Today's LinkedIn Nugget

Guest blogger Don Heymann gets specific, and that’s really good

guest blogBlogmaster’s note: I met Don at the very start of my entrepreneurial career 19 years ago, and I admired him for his resolve as an entrepreneur–now over 30 years (!)– and his choice oral and written words.

In the pandemic I have reached out to old friends with  whom I have drifted apart to rekindle relationships and this guest blog piece is the result of one of those contacts. I am glad to be back in touch with you again, Don, and thank you for you astute observations today.

Simple and Specific: The Key to Understanding in Your Writing

You might think that being too specific in your communications might confuse busy readers or distract audiences, but it’s quite the opposite. Using simple language and being appropriately specific in your descriptions have been proven to increase understanding and retention. Here are some examples:

  • Memorable: “The man proceeded down the street.” “The tall man with wavy grey hair scurried down Park Avenue.” The second sentence is more memorable. Why? Because it paints a mental picture; you can “see” the man and the action.
  • Believable: Two employees show up late to work and both make excuses. One says, “There was an accident, and I ran into some traffic.” The other one says, “There was an accident on Elm Street, near the Stop & Shop. Two lanes were blocked off – a black Mercedes flipped over.” The second story is more believable because it’s specific, not vague. And it’s more compelling because
    people can “see” it.
  • Precise: (Example 1) “Most people expect to own a home, but a lot of them can’t manage the financing.” (Example 2) “Eighty percent of adult Americans expect to own their own home, but only 45 percent can actually afford it.” The first sentence is mildly interesting but vague, the specificity in the second sentence makes the point clearly and precisely.

Being specific helps your reader understand and engage, but it’s more memorable and relatable with simple language. This is especially true when you want your LinkedIn profiles or social media self-branding posts to rise above the clutter. For example, you might want to avoid vague and overly used terms like “mission-driven,” “results-oriented” and even “passionate.” Aren’t we all?  Instead focus on what you specifically bring to the table to benefit your target audience.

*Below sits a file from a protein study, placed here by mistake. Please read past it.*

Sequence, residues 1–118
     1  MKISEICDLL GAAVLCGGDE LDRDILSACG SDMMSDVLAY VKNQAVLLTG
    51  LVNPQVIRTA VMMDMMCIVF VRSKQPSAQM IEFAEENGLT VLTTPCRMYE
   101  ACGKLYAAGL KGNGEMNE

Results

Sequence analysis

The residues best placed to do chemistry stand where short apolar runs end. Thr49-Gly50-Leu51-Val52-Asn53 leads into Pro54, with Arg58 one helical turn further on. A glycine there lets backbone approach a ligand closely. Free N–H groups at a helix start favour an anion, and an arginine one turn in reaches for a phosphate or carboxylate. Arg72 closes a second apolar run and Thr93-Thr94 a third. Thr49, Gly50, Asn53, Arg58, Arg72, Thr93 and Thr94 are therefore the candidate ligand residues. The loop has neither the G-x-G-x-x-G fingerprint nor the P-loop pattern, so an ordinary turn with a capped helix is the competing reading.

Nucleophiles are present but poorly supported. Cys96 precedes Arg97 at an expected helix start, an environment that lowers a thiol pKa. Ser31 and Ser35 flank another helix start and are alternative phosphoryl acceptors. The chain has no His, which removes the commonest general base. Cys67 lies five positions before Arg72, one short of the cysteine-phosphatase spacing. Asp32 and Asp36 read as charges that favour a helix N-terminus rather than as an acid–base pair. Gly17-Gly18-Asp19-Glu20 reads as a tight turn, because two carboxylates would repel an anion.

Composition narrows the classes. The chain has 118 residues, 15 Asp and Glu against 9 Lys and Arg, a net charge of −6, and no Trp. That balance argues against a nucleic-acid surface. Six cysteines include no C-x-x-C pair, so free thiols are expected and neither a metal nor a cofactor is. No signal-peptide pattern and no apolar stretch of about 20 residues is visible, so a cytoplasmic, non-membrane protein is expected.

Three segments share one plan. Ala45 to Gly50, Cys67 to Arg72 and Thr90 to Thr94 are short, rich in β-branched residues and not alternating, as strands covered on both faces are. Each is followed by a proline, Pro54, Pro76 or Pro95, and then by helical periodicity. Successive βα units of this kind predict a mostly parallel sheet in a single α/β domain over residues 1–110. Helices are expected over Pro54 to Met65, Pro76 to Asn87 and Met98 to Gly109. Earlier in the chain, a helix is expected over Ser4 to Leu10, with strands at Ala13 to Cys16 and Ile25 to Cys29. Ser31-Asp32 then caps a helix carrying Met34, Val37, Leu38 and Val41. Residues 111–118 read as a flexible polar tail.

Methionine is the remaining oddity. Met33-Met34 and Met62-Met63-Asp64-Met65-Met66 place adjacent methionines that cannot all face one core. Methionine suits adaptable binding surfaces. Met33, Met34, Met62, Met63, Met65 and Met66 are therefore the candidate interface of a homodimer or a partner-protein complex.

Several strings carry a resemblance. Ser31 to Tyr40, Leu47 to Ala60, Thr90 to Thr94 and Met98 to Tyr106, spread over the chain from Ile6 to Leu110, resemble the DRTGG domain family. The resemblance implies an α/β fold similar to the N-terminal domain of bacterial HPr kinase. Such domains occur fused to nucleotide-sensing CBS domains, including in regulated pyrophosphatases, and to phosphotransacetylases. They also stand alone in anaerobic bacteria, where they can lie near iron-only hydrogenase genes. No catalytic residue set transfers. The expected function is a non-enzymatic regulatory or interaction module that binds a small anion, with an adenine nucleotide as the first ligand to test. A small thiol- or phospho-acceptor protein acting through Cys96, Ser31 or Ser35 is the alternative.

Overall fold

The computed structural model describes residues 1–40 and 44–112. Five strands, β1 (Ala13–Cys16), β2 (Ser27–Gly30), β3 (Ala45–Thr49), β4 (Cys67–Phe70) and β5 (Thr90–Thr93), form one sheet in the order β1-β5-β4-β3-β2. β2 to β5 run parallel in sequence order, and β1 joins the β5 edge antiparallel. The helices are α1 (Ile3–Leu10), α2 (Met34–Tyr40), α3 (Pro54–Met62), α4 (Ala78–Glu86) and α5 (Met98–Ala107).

Some people also think using big, fancy words is a reflection of intelligence and erudition. But again, the opposite is more likely to be the case. Smart, insightful people try to connect, to achieve understanding and acceptance… through simple language.

So, strive to be a credible communicator – avoid clichés, fancy words and jargon, and choose simple language and specific examples to successfully convey even complex ideas.

As an active member of LinkedIn, I read hundreds of profiles and posts every week, and I see a broad range of writing quality – terrific, good and not-so-good. If you’re looking to attract a potential employer, new client or partner, how you write is as important as what you write.

With every LinkedIn post, you’re leaving an impression about who you are and how you think, because people naturally equate clear writing with clear thinking. It’s a fundamental attribute that will help you engage the people you want to reach.

 

For more than 30 years, Donald L. Heymann has been an independent writer and content strategist, working across many industries, including healthcare, science and technology, consumer products, finance, social services, public affairs and philanthropy.Profile photo of Don Heymann

Clients have included Pfizer, PepsiCo, J&J, GE, Merck, IBM, Anthem, Citibank and Unilever, as well as such leading non-profit and social service organizations as The Nature Conservancy, The Rockefeller Foundation, the Annie E. Casey Foundation, Save the Children and The Leukemia & Lymphoma Society. 

In addition, Don is an adjunct instructor in marketing and strategic communications writing at NYU’s School of Professional Studies, and he conducts effective writing workshops for business and non-profit groups.

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